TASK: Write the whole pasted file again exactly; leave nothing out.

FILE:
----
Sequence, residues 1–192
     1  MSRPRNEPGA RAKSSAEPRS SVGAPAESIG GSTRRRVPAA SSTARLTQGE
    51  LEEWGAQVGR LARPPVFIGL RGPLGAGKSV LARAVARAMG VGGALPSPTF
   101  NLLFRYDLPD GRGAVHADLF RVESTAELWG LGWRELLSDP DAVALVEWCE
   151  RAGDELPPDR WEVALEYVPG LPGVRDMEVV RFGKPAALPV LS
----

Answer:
Sequence, residues 1–192
     1  MSRPRNEPGA RAKSSAEPRS SVGAPAESIG GSTRRRVPAA SSTARLTQGE
    51  LEEWGAQVGR LARPPVFIGL RGPLGAGKSV LARAVARAMG VGGALPSPTF
   101  NLLFRYDLPD GRGAVHADLF RVESTAELWG LGWRELLSDP DAVALVEWCE
   151  RAGDELPPDR WEVALEYVPG LPGVRDMEVV RFGKPAALPV LS